“Any time I have a religion that won’t let me fight for my people, I say to hell with that religion. That’s why I am a Muslim.” — Malcolm X
The Nation of Islam was founded in 1931 by Wallace D Fard. Fard presented himself as a Muslim prophet and preached a message of “black redemption within Islam.” He claimed “the Asiatic Black Man” had been the original inhabitant of the earth. The white race had been given 6,000 years to rule and eventually whites and white Christianity would be destroyed. Elijah Muhammad, who became leader of the Nation of Islam after Fard disappeared, developed this idea further. He claimed, originally, that the black race had inhabited the moon and that at one time the moon and earth were one. A black scientist, called Yakub, supposedly caused an explosion that separated the two. The first people to inhabit the earth were members of a black tribe called Shabazz. While these notions may seem fanciful, they are no more so than the Christian story of Adam and Eve and the Garden of Eden. And yet, white Christianity, in all its permutations, has been developed over centuries, and it has been used to justify slavery, racism and imperialism. It is a religion that the ruling class needed and continues to uphold.
The attraction of the Nation of Islam to blacks was its apparent ability to voice the anger and discontent that existed in every black community. In terms of rhetoric, the Nation of Islam were among the strongest advocates of black pride but their separatist outlook and refusal to actively engage in the civil rights struggle left them spectating from the sidelines of the movement. They produced proud books on black history. Discarding their surnames as marks of their slave past, they replaced them with the suffix “X.” Converts had to follow a strict code of discipline – no pork, tobacco, alcohol, drugs or extra-marital sex. Engagement in political activity with non-Muslims was not permitted. Until their demand for a separate state was met, Muslims were to have no social, political or religious contact with whites. They demanded self-determination in the form of either an independent black state in America or a return to Africa.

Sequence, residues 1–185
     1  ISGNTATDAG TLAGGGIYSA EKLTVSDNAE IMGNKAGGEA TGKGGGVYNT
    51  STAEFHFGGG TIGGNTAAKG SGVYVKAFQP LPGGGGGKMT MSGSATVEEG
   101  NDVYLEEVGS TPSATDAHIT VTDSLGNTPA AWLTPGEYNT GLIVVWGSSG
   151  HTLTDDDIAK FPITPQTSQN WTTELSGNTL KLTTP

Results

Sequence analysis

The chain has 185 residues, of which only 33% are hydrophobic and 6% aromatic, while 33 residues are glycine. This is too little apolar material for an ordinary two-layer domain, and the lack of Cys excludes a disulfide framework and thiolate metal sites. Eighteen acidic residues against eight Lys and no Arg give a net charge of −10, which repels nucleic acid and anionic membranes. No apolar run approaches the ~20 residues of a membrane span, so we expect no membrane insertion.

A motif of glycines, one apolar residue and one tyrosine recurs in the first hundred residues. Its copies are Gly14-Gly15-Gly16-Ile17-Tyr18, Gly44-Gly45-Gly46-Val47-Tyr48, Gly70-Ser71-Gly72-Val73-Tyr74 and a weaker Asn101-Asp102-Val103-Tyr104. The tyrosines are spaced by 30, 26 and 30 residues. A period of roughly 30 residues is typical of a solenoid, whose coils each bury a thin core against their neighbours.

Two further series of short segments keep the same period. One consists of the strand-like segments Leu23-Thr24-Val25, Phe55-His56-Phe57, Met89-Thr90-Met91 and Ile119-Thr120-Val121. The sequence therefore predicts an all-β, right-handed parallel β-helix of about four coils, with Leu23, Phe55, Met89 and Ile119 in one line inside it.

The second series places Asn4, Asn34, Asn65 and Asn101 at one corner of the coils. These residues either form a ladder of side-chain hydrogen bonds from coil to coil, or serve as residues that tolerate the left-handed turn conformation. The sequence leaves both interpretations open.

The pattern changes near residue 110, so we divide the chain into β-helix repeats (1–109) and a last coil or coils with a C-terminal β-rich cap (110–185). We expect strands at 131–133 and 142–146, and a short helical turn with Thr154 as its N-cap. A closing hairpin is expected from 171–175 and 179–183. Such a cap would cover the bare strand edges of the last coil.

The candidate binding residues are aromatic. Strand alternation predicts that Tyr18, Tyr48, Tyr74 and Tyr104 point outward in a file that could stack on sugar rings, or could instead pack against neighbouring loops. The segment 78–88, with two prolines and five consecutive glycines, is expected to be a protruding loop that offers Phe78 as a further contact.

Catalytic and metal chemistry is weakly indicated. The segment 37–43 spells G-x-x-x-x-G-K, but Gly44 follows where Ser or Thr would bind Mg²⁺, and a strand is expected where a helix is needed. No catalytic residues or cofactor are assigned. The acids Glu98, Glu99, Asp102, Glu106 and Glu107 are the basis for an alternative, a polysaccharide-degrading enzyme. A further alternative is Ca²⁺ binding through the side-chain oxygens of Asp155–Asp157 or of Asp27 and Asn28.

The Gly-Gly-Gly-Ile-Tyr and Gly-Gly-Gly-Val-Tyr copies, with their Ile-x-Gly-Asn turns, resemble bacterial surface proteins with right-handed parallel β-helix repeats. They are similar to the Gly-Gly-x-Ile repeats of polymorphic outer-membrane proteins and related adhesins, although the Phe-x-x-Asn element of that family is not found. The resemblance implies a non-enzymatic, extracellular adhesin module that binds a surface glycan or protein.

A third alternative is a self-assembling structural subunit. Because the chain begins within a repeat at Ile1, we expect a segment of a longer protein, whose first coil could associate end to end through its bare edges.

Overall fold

As Marxists, Socialist Alternative would argue that this separatist policy is fundamentally flawed. We believe that the sustained division of the working class along racial lines will greatly weaken the potential of the struggle against capitalism. It aids the efforts of the ruling class to keep various communities within the working class divided and fighting among themselves instead of uniting against their common exploiters. It was to keep black and white workers divided that the ruling class created and cultivated organizations like the Ku Klux Klan.